Friday, October 31, 2014

Boys of Blur

I have always wanted to like N. D. Wilson, the author. I loved the language of LEEPIKE RIDGE and 100 CUPBOARDS and I wanted to enjoy those books more than I did. For some reason, I could barely trudge through those stories though. So much awesome prose, but so much confusion in plot. Wilson has a wildly descriptive voice that can at times, clutter up his narrative. He trusts that his readers are smart enough to infer details left out but with such wordy prose, that is not always easy to do.

While BOYS OF BLUR is similar to the unique style of prose in his other works, I have finally found an N. D. Wilson novel I can get behind! BOYS OF BLUR is a tour de force!

In Taper, FL, among the burning fields of sugar cane, football is life. BOYS OF BLUR begins with the funeral of historic Taper football coach Willie Wisdom. Coach Wisdom's death has affected everyone in the community. Charlie Reynolds is in town with his mom's new boyfriend Mack (one of Coach Wisdom's former players) for the funeral and Charlie can't help but notice his mother's uneasy looks and nervous apprehension. For Charlie's family, a return to Taper means a return to the place they left Charlie's abusive father. When Mack receives an offer too important to turn down, Charlie may be forced to remain in Taper for the time being. Little does he know, the community of Taper will soon need Charlie to save them from a muddy, deep rooted evil.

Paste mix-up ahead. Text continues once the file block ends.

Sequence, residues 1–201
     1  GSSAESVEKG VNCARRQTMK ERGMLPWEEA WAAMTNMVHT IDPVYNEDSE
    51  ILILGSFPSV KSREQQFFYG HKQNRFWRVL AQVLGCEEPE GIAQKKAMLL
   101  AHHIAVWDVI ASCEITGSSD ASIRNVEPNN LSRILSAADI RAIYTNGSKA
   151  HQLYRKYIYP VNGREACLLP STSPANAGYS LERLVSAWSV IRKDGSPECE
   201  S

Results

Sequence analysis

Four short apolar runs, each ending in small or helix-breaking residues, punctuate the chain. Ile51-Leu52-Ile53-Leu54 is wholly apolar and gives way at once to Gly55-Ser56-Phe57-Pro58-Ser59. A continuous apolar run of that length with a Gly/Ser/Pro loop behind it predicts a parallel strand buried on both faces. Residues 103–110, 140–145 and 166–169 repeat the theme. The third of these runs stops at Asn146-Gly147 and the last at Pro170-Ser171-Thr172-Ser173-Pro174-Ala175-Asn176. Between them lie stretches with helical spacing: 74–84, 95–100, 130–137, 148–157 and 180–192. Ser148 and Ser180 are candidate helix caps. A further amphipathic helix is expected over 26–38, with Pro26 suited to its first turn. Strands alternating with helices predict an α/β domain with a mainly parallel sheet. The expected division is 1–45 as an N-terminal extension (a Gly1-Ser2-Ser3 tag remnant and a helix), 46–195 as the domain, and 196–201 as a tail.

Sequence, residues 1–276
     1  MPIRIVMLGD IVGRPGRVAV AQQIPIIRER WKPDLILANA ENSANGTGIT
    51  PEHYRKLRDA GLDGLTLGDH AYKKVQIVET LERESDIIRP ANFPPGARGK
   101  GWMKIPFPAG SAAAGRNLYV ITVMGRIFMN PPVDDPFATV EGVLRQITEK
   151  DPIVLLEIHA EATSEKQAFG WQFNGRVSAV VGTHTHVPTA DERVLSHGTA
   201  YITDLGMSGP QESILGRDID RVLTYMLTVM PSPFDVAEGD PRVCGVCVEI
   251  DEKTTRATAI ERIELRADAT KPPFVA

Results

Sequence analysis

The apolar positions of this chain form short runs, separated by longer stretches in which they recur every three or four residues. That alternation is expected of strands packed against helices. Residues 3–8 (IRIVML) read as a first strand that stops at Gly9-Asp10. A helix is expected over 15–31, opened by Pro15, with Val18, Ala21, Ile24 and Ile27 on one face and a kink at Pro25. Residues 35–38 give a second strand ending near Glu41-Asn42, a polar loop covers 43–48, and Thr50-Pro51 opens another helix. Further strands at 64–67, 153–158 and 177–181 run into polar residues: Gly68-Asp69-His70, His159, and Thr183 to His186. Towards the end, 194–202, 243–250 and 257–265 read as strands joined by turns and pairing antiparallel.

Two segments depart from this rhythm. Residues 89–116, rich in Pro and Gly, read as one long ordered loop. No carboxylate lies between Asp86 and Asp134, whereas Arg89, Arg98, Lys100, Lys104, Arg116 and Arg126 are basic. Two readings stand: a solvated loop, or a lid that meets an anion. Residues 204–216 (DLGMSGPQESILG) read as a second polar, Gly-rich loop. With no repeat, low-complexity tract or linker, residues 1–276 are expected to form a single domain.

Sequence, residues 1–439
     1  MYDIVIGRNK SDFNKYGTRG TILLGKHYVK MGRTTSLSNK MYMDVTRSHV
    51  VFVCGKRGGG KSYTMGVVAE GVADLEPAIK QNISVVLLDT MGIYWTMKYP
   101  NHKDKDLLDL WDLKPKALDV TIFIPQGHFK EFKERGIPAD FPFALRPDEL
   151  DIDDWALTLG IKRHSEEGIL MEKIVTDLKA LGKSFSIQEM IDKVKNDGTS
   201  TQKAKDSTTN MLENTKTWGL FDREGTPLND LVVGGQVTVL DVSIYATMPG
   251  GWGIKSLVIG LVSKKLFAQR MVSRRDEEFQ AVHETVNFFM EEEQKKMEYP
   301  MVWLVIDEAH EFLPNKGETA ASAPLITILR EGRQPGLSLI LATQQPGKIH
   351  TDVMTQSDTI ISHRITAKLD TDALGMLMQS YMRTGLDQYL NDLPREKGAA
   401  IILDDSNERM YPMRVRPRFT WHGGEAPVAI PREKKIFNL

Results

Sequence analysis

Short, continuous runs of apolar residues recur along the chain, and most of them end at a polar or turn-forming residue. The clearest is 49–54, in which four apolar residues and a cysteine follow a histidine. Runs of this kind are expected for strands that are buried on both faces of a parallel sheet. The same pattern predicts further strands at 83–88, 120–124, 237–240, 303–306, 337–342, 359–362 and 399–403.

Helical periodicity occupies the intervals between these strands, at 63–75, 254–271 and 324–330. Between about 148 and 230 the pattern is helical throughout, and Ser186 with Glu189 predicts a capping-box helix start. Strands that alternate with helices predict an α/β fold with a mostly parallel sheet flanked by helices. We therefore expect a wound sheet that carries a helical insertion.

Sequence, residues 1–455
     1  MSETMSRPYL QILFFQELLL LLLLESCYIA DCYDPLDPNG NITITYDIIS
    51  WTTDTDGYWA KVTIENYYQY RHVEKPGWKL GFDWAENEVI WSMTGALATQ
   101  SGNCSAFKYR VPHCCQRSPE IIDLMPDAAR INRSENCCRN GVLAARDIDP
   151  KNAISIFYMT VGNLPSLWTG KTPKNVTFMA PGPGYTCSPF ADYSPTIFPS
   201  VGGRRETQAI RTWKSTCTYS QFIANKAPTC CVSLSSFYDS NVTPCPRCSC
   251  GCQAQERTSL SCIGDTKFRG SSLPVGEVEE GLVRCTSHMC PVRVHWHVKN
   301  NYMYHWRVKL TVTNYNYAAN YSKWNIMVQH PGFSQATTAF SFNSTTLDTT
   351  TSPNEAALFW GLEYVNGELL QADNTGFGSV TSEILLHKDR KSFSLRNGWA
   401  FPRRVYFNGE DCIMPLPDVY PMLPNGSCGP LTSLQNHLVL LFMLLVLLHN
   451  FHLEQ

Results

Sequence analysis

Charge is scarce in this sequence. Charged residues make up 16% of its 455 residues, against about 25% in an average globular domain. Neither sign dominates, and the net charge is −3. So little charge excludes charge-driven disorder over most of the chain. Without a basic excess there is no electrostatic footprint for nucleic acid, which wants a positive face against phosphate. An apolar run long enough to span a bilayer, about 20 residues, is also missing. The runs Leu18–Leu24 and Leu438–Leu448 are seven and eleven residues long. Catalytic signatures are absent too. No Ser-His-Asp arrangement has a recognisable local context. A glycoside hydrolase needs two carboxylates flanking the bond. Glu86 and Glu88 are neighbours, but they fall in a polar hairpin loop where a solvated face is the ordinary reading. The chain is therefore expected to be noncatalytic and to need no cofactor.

The setting in BOYS OF BLUR is one of the novel's biggest strengths to me. Wilson takes his time developing the southern setting and soon, he pulls you in among the burning cane and swampy muck and just like Mack, you feel compelled to stay. Of course the fantasy elements of the story are foreshadowed and hinted at early on, to entice readers, but the early pages of this book are entirely devoted to Taper and Charlie's family unit. This grounds the story in reality and makes the final epic resolution all the more convincing.

I was also impressed with Wilson's handling of Coach Wisdom's character. Often times, authors will introduce readers to a character that they wish to write as "larger than life." Coach Wisdom truly is larger than life. Everyone in Taper has a story to tell about Coach Wisdom and each story is unique to the character. He has impacted the lives of many young men in Taper, none more than Mack. At one point this is evident when Mack tells Charlie about Charlie's father:

"Your father made mistakes. We all do. But instead of working to set things right, he chose to protect those mistakes - he let them be. He even fed them, which made them so much worse. Mistakes don't just hang on the wall like ugly pictures. Mistakes are seeds." He thumped his chest. "In here. They grow. They take over. You make a mistake, you gotta make it right. Dig that seed out. Old Wiz used to say, 'Fruit rots, wood rots, but lazy-ass boys rot the fastest.'"

I like how Coach Wisdom develops as a character, even after his death. Furthermore, it was fun to watch Charlie grow throughout the story. His transformation from being wide-eyed and curious to becoming a sword-wielding hero was very heartbreaking but convincing.

BOYS OF BLUR may not be for everyone what it was for me. The fantasy elements may not interest every reader and the south Florida setting and Creole lore may be too specific to generate wide appeal. But you cannot deny Wilson's talent. No one writes prose like N.D. Wilson. I can also appreciate a solo effort (everyone writes fantasy trilogies these days) and fitting it all in under 200 pages is impressive as well!

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